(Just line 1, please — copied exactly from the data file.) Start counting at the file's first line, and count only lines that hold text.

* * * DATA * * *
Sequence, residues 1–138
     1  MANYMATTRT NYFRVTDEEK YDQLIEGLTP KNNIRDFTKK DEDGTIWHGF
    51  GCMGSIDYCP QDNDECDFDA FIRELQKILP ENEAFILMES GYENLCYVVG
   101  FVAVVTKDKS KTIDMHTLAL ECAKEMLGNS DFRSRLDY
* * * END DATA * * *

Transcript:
Sequence, residues 1–138